Hi!

I’m using PyTorch with V100 GPU. As this GPU doesn’t support operations in TF32, I’m adjusting my x (input to the prediction model) and y (ground truth) tensors that are in FP32 to have 10-bit precision in the decimal places, the same way TF32 is represented, just using, for example, `x = torch.round(x, decimals=4)`

(I’m using 4 decimal places following instructions from this site - FP64, FP32, FP16, BFLOAT16, TF32, and other members of the ZOO | by Grigory Sapunov | Medium, in the TF32 section). Would this rounding be enough for me to make the FP32 very close to what the TF32 would be? Doing that (considering that the way I’m doing is correct), should I also reduce model precision by performing `model.half()`

? I’m making these adjustments because for some reason my model converges well on Ampere GPU (RTX A4000) but the same does not happen with Volta GPU (V100). I’m guessing it’s because I no longer use TF32 in the operations.

Thanks in advance.

No, direct rounding won’t match your A4000, as e.g. accumulations are performed in FP32 as described here. Also, only convolutions are using TF32 by default while matmuls can use TF32 in newer PyTorch releases if you allow it via: `torch.backends.cuda.matmul.allow_tf32 = True`

. Native PyTorch layers will not use TF32.

Ok, thanks! So what do you suggest I do with my data and, if necessary, in my code, so that the execution on the V100 behaves as closely as possible as if I were running on an Ampere GPU as I described, since I suspect it is due to not using more TF32 on the V100?

I would probably do the opposite experiment and disable TF32 on your Ampere device. If it’s still converging another issues seems to cause the divergence on your V100.

Ok, but at the moment I no longer have access to an Ampere GPU. What would you suggest regarding my last question?

I haven’t seen a model failing to converge in a larger `dtype`

, so think the likelihood of your training depending on TF32 for convergence is low. Also, I would not try to “simulate” TF32 behavior on your V100 without a proper reference as you might also need to write custom kernels.

Ok. Well, maybe my data is special, there are considerable decimal places in my data, so precision can play a role. I believe that training only with FP32 requires that the model needs to make more effort to learn, because the accuracy is greater.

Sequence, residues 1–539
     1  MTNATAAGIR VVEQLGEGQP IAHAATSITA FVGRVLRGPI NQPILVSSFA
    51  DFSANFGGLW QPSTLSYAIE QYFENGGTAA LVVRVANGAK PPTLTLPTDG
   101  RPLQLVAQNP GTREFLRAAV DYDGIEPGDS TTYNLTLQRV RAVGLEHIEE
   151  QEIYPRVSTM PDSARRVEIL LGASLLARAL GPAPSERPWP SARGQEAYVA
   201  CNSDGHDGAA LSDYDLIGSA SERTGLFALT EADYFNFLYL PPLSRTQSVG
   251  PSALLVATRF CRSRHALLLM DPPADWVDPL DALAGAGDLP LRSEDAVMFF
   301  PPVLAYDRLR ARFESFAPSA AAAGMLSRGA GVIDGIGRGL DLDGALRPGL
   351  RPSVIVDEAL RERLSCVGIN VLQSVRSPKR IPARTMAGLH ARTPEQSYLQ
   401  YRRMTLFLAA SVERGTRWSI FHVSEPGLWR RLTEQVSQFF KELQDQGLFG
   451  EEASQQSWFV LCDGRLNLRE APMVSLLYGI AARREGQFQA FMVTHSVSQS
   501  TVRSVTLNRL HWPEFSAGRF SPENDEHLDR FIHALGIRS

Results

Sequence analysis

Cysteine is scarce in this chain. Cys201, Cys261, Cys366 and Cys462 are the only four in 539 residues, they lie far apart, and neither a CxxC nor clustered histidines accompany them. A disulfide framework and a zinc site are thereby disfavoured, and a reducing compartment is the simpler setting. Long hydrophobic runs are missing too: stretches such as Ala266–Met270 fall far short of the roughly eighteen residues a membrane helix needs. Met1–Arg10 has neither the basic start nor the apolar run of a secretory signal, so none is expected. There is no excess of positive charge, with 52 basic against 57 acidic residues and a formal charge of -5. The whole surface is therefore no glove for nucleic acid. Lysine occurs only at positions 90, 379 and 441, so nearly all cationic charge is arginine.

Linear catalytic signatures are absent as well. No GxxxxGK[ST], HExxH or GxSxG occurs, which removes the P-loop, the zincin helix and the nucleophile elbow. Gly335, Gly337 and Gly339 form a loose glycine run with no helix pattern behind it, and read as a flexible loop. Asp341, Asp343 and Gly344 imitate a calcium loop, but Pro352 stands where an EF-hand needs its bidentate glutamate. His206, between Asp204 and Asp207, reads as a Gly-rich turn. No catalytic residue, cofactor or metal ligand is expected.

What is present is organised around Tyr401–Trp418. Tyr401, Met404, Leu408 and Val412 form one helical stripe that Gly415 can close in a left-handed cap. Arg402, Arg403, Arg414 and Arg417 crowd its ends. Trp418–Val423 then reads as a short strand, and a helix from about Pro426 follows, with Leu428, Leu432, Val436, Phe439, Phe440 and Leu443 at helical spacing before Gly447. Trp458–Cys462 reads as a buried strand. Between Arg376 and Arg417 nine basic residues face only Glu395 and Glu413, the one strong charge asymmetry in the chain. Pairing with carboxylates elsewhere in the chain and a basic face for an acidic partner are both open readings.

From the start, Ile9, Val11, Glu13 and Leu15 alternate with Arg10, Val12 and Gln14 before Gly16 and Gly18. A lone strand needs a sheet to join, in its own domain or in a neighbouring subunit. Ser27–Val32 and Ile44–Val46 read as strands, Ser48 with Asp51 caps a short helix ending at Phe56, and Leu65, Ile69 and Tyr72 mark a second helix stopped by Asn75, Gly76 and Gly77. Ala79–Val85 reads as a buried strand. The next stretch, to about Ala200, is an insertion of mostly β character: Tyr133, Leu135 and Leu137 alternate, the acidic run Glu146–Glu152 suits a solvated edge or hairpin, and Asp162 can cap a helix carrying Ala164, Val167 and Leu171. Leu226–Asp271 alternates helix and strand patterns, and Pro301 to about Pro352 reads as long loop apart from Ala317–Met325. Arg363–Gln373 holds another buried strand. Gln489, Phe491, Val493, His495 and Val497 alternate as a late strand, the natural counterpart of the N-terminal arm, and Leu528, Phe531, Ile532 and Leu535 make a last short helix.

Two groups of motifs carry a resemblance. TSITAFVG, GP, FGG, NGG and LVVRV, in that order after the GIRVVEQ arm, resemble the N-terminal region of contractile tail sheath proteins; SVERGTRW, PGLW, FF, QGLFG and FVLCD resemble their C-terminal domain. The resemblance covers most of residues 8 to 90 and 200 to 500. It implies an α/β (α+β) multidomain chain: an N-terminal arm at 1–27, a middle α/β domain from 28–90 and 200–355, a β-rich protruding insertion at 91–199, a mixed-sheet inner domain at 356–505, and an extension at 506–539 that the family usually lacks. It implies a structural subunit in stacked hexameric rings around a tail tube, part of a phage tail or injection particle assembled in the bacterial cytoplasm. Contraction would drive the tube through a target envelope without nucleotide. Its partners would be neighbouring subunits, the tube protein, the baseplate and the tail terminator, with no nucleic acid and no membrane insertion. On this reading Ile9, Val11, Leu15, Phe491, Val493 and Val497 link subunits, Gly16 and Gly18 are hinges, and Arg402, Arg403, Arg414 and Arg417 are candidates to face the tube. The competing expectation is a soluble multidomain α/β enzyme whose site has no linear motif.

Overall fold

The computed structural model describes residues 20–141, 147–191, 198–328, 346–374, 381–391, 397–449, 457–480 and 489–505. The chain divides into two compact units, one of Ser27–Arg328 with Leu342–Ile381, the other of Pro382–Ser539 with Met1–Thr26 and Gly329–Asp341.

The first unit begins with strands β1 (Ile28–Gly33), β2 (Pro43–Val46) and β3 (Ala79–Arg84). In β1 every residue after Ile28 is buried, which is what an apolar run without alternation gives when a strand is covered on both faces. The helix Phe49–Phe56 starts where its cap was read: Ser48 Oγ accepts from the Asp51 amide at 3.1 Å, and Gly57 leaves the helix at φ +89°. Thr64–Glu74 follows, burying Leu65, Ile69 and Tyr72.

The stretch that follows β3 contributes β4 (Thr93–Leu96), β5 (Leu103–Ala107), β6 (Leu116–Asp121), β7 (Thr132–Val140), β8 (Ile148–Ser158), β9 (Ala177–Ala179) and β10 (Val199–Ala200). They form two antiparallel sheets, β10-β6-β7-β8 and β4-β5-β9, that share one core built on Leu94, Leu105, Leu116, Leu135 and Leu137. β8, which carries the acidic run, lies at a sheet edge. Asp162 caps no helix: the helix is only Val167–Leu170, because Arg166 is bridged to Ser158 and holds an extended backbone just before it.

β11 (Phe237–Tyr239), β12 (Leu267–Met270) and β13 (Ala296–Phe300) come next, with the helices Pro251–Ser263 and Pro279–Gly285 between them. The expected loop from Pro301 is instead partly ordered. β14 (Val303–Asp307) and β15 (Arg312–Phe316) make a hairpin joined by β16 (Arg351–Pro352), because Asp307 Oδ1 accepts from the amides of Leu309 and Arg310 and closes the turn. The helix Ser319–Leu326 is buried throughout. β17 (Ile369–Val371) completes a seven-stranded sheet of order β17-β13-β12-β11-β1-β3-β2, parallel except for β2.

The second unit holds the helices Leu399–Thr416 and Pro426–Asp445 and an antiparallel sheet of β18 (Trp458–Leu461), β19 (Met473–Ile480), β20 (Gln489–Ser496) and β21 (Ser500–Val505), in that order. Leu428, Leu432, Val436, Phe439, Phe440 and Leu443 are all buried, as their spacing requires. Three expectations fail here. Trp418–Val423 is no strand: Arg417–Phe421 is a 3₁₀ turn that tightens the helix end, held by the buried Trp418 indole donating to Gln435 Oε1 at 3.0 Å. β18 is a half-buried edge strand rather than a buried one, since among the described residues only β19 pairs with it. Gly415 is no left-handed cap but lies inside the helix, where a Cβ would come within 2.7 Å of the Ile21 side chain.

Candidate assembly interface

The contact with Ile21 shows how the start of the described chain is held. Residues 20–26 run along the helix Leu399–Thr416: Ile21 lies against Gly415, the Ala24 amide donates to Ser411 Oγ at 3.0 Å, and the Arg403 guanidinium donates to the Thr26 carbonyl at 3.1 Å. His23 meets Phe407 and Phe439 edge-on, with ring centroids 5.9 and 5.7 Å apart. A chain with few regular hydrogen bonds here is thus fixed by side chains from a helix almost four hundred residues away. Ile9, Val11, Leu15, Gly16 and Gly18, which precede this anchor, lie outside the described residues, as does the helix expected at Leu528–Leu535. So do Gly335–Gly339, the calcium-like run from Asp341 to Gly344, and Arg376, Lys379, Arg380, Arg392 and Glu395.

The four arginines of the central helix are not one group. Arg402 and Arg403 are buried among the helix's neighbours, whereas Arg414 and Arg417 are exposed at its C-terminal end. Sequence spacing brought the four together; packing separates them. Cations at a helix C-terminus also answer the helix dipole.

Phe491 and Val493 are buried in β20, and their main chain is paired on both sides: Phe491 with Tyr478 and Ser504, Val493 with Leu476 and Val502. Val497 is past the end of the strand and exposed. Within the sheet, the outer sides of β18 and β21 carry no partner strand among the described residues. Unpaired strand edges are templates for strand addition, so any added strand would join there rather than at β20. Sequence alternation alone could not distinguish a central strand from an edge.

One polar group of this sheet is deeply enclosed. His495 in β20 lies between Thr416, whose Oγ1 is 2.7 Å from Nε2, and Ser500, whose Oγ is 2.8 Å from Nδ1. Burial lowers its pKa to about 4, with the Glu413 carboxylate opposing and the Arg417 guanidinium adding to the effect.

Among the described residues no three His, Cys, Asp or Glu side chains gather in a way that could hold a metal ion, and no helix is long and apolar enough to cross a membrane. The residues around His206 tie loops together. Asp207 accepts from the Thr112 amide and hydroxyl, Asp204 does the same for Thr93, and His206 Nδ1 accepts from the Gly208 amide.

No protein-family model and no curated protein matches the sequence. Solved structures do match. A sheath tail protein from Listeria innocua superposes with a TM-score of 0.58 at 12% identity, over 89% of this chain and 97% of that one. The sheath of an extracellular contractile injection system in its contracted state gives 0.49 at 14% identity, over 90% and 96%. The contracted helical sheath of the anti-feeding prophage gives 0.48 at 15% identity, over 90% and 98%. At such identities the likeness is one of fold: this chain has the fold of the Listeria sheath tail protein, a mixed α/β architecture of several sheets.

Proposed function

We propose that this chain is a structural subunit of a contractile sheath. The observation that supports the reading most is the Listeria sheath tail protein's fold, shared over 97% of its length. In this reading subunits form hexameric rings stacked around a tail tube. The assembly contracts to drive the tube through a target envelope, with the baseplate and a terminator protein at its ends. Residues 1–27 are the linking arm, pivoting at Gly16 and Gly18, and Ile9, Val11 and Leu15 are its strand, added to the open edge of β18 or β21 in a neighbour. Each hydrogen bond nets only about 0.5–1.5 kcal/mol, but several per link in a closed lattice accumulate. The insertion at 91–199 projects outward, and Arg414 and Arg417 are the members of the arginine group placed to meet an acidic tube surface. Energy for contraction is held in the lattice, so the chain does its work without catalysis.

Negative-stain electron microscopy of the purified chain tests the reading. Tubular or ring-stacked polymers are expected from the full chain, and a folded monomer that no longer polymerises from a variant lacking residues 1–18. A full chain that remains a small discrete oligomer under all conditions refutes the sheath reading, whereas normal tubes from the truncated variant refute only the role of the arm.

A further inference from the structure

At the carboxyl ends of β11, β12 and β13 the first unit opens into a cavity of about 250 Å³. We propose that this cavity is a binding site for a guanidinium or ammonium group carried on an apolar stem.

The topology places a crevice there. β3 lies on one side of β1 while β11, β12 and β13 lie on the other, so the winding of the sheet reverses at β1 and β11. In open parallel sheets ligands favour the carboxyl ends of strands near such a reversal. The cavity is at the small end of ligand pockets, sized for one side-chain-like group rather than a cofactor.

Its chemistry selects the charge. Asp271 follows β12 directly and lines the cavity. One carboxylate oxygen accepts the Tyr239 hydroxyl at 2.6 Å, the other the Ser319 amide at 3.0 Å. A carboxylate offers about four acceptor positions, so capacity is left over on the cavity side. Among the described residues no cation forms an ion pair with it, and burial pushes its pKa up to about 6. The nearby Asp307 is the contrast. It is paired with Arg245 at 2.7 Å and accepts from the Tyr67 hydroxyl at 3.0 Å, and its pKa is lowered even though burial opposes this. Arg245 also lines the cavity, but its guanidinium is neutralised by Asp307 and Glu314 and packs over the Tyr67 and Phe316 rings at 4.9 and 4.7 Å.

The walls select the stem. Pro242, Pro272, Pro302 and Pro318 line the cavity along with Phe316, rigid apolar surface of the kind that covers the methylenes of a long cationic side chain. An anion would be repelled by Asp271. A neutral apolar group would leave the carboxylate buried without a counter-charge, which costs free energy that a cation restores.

Additionally, what I see is that the L1 of my model ends up being the same (but the main loss and other metrics does not manage to converge well, which ends up harming the results in general).

See below, also, a part of my code. A detail is, where I calculate the losses, the FFT is one of them, using the Ampere GPU turns out to have high values, certainly making it if not the main factor, but one of the main ones, in harming the value of the loss. Also, where I calculate FFT I am using the JAX API, before using it I was not able to obtain the desired L1 (probably because in this case, as the FFT function in torch does not allow me to use AMP in the section where I calculate the FFT (at least in my case where the shape of my data is not a power of 2), the processing is carried out in FP32 , which ends up harming the result), which matches the result when using the Ampere GPU. But whether using JAX or not, the FFT results I use as metrics (`fft_l1`

, `fft_l1_rel`

and `fft_l1_max`

) remain high. I also needed to use AMP to improve my L1.

```
scaler = torch.cuda.amp.GradScaler()
import os
import jax
os.environ['XLA_PYTHON_CLIENT_MEM_FRACTION']='.50'
for seq in seq_train:
with torch.autocast(device_type='cuda', dtype=torch.float16, enabled=True):
X, y = seq
X = X.cuda()
y = y.cuda()
optimizer.zero_grad()
output = net(X)
#ffty = torch.fft.rfftn(y.float(), dim=(-1, -2, -3))
#fftout = torch.fft.rfftn(output.float(), dim=(-1, -2, -3))
ffty = jax.numpy.fft.fftn(y.detach().cpu().numpy(), axes=(-1,-2,-3))
ffty = torch.from_numpy(np.array(ffty))
fftout = jax.numpy.fft.fftn(output.detach().cpu().numpy(), axes=(-1,-2,-3))
fftout = torch.from_numpy(np.array(fftout))
fft_res = (fftout - ffty)
fft_res_abs = torch.abs(fft_res)
loss_fft_l1 = torch.mean(fft_res_abs)
loss_fft_l1_rel = torch.mean(fft_res_abs/(torch.abs(ffty) + 0.01))
fft_l1_max = torch.max(fft_res_abs)
res = (output - y)
res_abs = torch.abs(res)
loss_l1 = torch.mean(res_abs)
loss_l1_rel = torch.mean(res_abs/(torch.abs(y)+0.01))
l1_max = torch.max(res_abs)
loss = loss_l1_rel + loss_fft_l1_rel
scaler.scale(loss).backward()
scaler.step(optimizer)
scaler.update()
list_train_loss.append(loss.cpu().item())
list_train_loss_l1.append(loss_l1.cpu().item())
list_train_loss_l1_rel.append(loss_l1_rel.cpu().item())
list_train_l1_max.append(l1_max.cpu().item())
list_train_loss_fft_l1.append(loss_fft_l1.cpu().item())
list_train_loss_fft_l1_rel.append(loss_fft_l1_rel.cpu().item())
list_train_fft_l1_max.append(fft_l1_max.cpu().item())
```

Well, I hope that with these new information you can give me some new tip or suggestion. Thank you very much.

Hi @ptrblck, I don’t know if by chance you didn’t see my last answer, but if so, please do whatever you can to help me, I appreciate it! Thank you very much in advance!